Democratic presidential candidate Beto O’Rourke is calling on his fellow 2020 primary opponents to sign onto the March for Our Lives plan that outlines a progressive gun reform policy agenda.
“So we’re left with a choice. We can stick by what we’ve been doing — playing it safe, while we beg Mitch McConnellAddison (Mitch) Mitchell McConnellSenate advances public lands bill in late-night vote GOP senator to try to reverse requirement that Pentagon remove Confederate names from bases No, ‘blue states’ do not bail out ‘red states’ MORE to take action on the floor of Congress. Or we can follow the lead of the students marching for their lives and for all of ours, who are demanding we do more to protect them,” the former Texas congressman wrote in an op-ed published in Teen Vogue on Monday.
“I choose the kids. And the question I have for my fellow Democrats in this race and in Congress is: Do you?”ADVERTISEMENT
The “Peace Plan for a Safer America” calls for a mandatory buyback program of assault-style weapons. O’Rourke has been an outspoken advocate for such a proposal since a mass shooting in his hometown of El Paso, Texas, killed 22 people at a Walmart.
Several other 2020 primary candidates back a buyback program, but O’Rourke is the only candidate to sign onto the March for Our Lives plan, according to his campaign.
The March for Our Lives movement was started by survivors of the high school shooting in Parkland, Fla., It inspired marches across the country.
O’Rourke, in his op-ed, recalls marching with his son Henry on his shoulders in the El Paso march.
“As we finished marching, we were met by counter-protesters flaunting AR-15s. And when Henry saw them, he asked me why they were there — because, in his mind, assault weapons didn’t belong at a March For Our Lives,” O’Rourke wrote.
“I told him he didn’t have anything to worry about. ‘Just ignore them,’ I said. But when an alleged white supremacist killed 22 people in my hometown of El Paso with a similar weapon, I realized I was wrong and Henry was right,” he added.
O’Rourke’s op-ed was published before a gun safety forum co-hosted by March for Our Lives that will feature 10 Democratic presidential candidates on Wednesday.
Along with O’Rourke, former Vice President Joe BidenJoe BidenHillicon Valley: Biden calls on Facebook to change political speech rules | Dems demand hearings after Georgia election chaos | Microsoft stops selling facial recognition tech to police Trump finalizing executive order calling on police to use ‘force with compassion’ The Hill’s Campaign Report: Biden campaign goes on offensive against Facebook MORE, Sen. Cory BookerCory Anthony BookerRand Paul introduces bill to end no-knock warrants Black lawmakers unveil bill to remove Confederate statues from Capitol Harris grapples with defund the police movement amid veep talk MORE (N.J.), South Bend, Ind., Mayor Pete ButtigiegPete ButtigiegScaled-back Pride Month poses challenges for fundraising, outreach Biden hopes to pick VP by Aug. 1 It’s as if a Trump operative infiltrated the Democratic primary process MORE, former Housing and Urban Development Secretary Julián Castro, Sen. Kamala HarrisKamala Devi HarrisRand Paul introduces bill to end no-knock warrants The Hill’s Campaign Report: Biden campaign goes on offensive against Facebook McEnany says Juneteenth is a very ‘meaningful’ day to Trump MORE (Calif.), Sen. Amy KlobucharAmy KlobucharHillicon Valley: Biden calls on Facebook to change political speech rules | Dems demand hearings after Georgia election chaos | Microsoft stops selling facial recognition tech to police Democrats demand Republican leaders examine election challenges after Georgia voting chaos Harris grapples with defund the police movement amid veep talk MORE (Minn.), Sen. Bernie SandersBernie SandersThe Hill’s 12:30 Report: Milley apologizes for church photo-op Harris grapples with defund the police movement amid veep talk Biden courts younger voters — who have been a weakness MORE (I-Vt.), Sen. Elizabeth WarrenElizabeth WarrenWarren, Democrats urge Trump to back down from veto threat over changing Confederate-named bases OVERNIGHT DEFENSE: Joint Chiefs chairman says he regrets participating in Trump photo-op | GOP senators back Joint Chiefs chairman who voiced regret over Trump photo-op | Senate panel approves 0B defense policy bill Trump on collision course with Congress over bases with Confederate names MORE (Mass.) and businessman Andrew YangAndrew YangGeorge Floyd protests show corporations must support racial and economic equality Andrew Yang discusses his universal basic income pilot program Andrew Yang on the George Floyd protests in Minneapolis MORE will participate.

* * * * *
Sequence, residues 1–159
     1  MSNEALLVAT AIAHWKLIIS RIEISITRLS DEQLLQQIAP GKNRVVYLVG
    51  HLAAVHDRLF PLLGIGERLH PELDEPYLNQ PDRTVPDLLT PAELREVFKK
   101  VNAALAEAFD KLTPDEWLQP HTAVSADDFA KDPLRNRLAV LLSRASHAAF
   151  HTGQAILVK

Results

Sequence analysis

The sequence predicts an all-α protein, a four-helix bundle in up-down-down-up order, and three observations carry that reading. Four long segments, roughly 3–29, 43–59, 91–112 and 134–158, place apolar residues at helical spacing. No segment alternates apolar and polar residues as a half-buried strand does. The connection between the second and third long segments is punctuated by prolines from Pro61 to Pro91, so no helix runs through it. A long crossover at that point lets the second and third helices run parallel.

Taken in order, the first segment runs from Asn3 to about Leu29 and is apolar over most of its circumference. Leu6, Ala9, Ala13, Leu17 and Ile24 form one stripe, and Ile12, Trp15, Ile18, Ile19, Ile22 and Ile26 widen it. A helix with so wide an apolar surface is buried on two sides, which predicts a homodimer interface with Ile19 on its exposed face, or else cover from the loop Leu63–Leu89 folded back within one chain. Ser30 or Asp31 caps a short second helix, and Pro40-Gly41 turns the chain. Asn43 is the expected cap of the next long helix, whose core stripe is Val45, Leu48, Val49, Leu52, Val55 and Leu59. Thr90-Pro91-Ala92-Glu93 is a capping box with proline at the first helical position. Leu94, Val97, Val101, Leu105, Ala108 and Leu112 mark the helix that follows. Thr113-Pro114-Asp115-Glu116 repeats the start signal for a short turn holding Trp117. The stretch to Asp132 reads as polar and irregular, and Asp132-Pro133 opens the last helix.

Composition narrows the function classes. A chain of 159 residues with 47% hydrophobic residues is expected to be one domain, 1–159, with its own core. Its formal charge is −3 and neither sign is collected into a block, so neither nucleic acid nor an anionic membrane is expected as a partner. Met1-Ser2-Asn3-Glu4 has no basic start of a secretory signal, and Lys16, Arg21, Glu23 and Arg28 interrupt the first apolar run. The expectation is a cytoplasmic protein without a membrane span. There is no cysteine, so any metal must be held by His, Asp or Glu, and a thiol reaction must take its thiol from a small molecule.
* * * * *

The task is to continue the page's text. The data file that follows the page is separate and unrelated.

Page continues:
Gun reform activists have been pushing for Congress to pass a universal background check bill in the wake of mass shootings across the country over the summer.
The House passed a universal background check bill in February but it has yet to be called for a vote in the Senate.
Senate Majority Leader Mitch McConnell (R-Ky.) has shifted the focus to the White House, saying he will only call a bill to a vote that President TrumpDonald John TrumpSenate advances public lands bill in late-night vote Warren, Democrats urge Trump to back down from veto threat over changing Confederate-named bases Esper orders ‘After Action Review’ of National Guard’s role in protests MORE will sign. Trump has wavered on his support over such a reform measure.
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